2 minutes reading time (442 words)

Village of Manlius residents speak on cannabis legislation

by Kate Hill 

August 17, 2021 


VILLAGE OF MANLIUS – During the Aug. 10 Village of Manlius Board of Trustees meeting, multiple village residents expressed their disappointment regarding the board's July 13 decision to opt-out of allowing adult-use cannabis retail dispensaries and/or on-site consumption licenses without allowing the public to vote on the issue.
Under New York State's Marijuana Regulation and Taxation Act (MRTA), which was signed into law on March 31, 2021, cities, towns and villages — but not counties — may decide whether or not they will allow establishments within their jurisdictions to sell cannabis products and/or permit on-site cannabis consumption. They cannot, however, prohibit possession or use, generally.
To "opt out," a municipality must adopt a local law subject to permissive referendum on or before Dec. 31, 2021.
If a municipality opts out, it can always opt back in, but if it does not opt out by the end of the year, there is no provision for opting out at a later date.
On July 13, the Manlius village board held a public hearing on a proposed local law opting out of both dispensaries and consumption sites. After receiving no public input, the board voted to adopt a resolution approving the opt-out law.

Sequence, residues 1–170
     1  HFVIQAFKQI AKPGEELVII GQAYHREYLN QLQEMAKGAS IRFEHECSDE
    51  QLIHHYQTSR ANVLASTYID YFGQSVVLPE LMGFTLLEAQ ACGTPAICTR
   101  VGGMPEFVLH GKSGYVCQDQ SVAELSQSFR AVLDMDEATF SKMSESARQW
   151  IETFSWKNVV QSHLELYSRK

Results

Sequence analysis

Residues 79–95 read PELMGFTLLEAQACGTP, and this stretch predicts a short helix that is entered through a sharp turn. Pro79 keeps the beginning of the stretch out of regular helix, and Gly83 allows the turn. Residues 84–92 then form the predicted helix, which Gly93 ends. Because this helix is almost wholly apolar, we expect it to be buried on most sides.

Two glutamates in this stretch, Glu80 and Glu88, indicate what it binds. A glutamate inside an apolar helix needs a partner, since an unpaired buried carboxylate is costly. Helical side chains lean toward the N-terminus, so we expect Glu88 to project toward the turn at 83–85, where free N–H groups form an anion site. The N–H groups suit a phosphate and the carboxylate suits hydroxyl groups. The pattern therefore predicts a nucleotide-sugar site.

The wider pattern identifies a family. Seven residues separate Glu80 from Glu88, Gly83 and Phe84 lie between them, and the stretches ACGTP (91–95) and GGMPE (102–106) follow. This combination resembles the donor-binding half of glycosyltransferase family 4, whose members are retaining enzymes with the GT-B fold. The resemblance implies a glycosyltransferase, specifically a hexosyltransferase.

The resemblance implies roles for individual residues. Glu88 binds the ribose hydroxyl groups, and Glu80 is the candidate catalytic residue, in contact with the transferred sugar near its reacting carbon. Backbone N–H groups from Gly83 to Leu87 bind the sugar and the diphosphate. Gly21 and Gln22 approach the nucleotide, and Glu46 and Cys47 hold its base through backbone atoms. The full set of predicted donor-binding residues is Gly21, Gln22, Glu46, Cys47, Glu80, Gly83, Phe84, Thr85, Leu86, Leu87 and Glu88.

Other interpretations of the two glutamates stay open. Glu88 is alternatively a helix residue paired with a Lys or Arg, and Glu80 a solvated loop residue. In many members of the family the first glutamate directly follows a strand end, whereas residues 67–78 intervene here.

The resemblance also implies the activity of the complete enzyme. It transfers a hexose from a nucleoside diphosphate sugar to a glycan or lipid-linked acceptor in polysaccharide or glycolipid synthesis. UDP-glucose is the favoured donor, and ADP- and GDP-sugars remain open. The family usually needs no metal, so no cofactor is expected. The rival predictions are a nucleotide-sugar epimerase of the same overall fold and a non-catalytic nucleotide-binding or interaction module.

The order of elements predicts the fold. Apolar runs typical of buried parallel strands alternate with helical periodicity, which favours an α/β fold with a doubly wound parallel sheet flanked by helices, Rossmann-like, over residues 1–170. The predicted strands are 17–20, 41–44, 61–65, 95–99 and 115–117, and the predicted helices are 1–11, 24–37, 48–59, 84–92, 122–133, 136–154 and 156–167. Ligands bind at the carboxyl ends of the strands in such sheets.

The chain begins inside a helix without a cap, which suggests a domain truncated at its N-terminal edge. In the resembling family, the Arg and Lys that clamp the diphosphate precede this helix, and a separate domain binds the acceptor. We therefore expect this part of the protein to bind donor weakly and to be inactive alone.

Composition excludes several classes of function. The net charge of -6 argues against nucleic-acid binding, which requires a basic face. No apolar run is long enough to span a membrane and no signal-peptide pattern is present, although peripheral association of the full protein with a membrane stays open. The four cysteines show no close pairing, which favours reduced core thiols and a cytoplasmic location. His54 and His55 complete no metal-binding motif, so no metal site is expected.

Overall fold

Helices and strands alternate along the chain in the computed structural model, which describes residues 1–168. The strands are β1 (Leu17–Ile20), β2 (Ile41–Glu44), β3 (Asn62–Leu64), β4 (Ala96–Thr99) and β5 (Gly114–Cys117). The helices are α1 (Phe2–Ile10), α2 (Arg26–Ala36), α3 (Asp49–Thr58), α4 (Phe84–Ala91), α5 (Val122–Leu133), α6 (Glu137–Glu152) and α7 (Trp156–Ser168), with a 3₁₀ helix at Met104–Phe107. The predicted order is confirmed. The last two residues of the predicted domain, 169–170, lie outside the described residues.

The opt-out law was adopted subject to permissive referendum, meaning that any resident who is opposed to the law may start a petition within 30 days of the board's vote. If a certain percentage of the village's eligible voters sign the petition, they must allow the public to vote yes or no on the law. Villages are the only municipalities that can voluntarily put the decision to a public ballot vote. To do so, the village would first have to opt out and then make the public vote part of that local law.
The Village of Manlius decided against putting its decision to a public vote.
At the time of the Aug. 10 board meeting, any residents who opposed the board's decision had two days left to submit a petition and force the issue to go to a ballot vote.
Village Attorney Ted Spencer announced that, to the best of his knowledge, no petitions had been received. He also stated that, pursuant to the village law, a notice was published in the local paper to inform residents that the opt-out law was adopted, that it is subject to permissive referendum, and that "the clock is running."
During the public comment period, three residents said they felt that the village did not sufficiently advertise the public hearing or the local law adoption and the petition window.


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